Thursday, November 11, 2010

TRAVEL TIPS: ECONOMY CLASS


Facing a 12-hour flight in economy class? Don’t fret – these simple steps can make you journey more endurable.

CHOOSE YOUR SEAT OR CHECK-IN EARLY
Exit-row and bulkhead seats are the most prized, but many airlines won’t let you book them until the day of the flight. To snag these seats, check in online on the day you’re travelling or show up early at the counter. Cathy Pacific and Singapore Airlines let you reserve extra-legroom seats for a fee. If you can’t get one of these, book your seat ahead of the flight either through your travel agent or the airline. Log onto seatguru.com or seatexpert.com for a better idea of choice seats, and make sure to avoid the seats with their backs against the lavatories and in the far back because they don’t recline fully.

DON’T TRAVEL DURING PEAK TIMES
If you’re flexible about time, choose flights in the middle of the week and during mid-day when planes are likely to be less full. Times to avoid: Thursday afternoon and evening, all day Friday and Monday morning.

CARRY ON AS LITTLE AS POSSIBLE
Travelling light has a couple of advantages. First, you can save yourself previous legroom by keeping the space in front of you free. And second, you can take your time boarding – others can fight for space in the overhead bins. Trust me, you can still cram in a small backpack or tote into a packed bin.

BUT BRING THE COMFORT ESSENTIALS
A horseshow-shaped pillow and eye-mask can make all the difference when it comes to sleeping on board. An extra pair of socks lets you kick off your shoes and a lightweight jumper or shawl will keep you toast warm. (Blankets are too bulky.) Before you leave, don’t forget to update your MP3 players, which will save you from the in-flight entertainment system.

DRESS APPROPRIATELY
This might seem like a no-brainer, but plenty of people board planes in ridiculously elaborate and uncomfortable clothing that are no designed for long-haul flights. Dont’ become a slob, but stretchy and breathable are the way to go.

PACK YOUR OWN MEALS
Let’s face it: a homemade sandwich beats an in-flight meal any day. If you don’t have time at home, grab something from a cafe before you board. Bring a granola bar or apple for snacking – just make sure to eat what you bring before you land (especially fruit), lest you get nabbed at customs. Otherwise think about pre-ordering a special meal, these come at no additional cost and just need to be booked at least 24 hours in advance. Choose from religious (Hindu, Muslim, kosher, etc), medical/dietary (bland, diabetic, gluten-free, low calorie, non-lactose, vegetarian, vegan, peanut-free, etc) and other (child, baby, seafood, meat, raw, etc). The best part about having one of these meals is that they are always served ahead of everybody else on board, so you don’t have to agonisingly wait for the little trolley to reach you; only to discover they are out of the fish! And, more importantly, these meals are often of a much higher and tastier quality then their run-of-the-mill brethren.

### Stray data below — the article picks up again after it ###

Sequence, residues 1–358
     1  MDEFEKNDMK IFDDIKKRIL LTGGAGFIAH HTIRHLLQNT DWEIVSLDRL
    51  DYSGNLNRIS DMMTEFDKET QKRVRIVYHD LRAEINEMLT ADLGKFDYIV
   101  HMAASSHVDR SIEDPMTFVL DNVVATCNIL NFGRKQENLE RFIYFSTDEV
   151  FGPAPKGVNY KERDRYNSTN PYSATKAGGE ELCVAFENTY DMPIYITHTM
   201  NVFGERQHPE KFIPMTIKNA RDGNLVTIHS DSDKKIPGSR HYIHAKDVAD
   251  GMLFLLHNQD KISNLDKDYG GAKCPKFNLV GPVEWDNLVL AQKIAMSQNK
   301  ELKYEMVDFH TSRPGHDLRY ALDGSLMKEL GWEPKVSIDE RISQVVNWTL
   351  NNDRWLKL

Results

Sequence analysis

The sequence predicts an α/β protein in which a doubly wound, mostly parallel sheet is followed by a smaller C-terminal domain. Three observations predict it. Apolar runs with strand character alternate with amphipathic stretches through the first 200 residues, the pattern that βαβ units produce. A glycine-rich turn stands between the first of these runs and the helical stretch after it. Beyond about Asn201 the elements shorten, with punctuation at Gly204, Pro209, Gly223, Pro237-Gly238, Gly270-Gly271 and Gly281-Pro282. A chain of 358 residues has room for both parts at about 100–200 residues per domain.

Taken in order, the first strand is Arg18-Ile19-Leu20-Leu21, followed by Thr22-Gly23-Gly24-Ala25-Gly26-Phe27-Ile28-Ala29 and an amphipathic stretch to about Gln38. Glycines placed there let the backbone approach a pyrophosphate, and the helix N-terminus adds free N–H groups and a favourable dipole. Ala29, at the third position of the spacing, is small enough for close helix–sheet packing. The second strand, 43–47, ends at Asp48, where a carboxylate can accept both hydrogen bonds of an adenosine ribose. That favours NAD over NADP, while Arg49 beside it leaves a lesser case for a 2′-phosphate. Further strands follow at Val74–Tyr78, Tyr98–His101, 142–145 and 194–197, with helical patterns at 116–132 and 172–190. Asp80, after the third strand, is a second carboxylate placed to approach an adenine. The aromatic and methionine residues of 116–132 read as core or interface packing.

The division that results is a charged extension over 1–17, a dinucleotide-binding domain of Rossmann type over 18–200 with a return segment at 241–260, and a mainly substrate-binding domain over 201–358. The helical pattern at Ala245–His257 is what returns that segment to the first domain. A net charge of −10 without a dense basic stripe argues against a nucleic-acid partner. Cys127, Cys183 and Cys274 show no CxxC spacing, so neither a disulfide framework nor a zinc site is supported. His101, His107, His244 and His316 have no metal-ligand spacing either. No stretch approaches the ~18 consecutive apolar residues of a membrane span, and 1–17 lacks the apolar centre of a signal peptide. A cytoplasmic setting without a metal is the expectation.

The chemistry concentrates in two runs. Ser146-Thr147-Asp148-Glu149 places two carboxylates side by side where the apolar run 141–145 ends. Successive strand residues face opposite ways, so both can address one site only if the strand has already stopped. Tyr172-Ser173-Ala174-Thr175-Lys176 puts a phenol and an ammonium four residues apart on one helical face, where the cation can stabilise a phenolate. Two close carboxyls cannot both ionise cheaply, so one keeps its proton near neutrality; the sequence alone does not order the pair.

INVEST IN NOISE-CANCELLATION HEADPHONES
Three hundred American dollars might seem a lot to pay for Bose Quiet Comfort noise-cancelling headphones. But if you’re a frequent flier, it’s an investment you won’t regret, Goodbye roaring engines, across-the aisle conversations, and yes, even that screaming baby!

MIND YOUR MANNERS
Being polite to flight attendants usually means better service, especially in Asia (with the glaring exception of mainland China). That beleaguered flight attendant won’t forget your attitude when you make a special request like changing seat.

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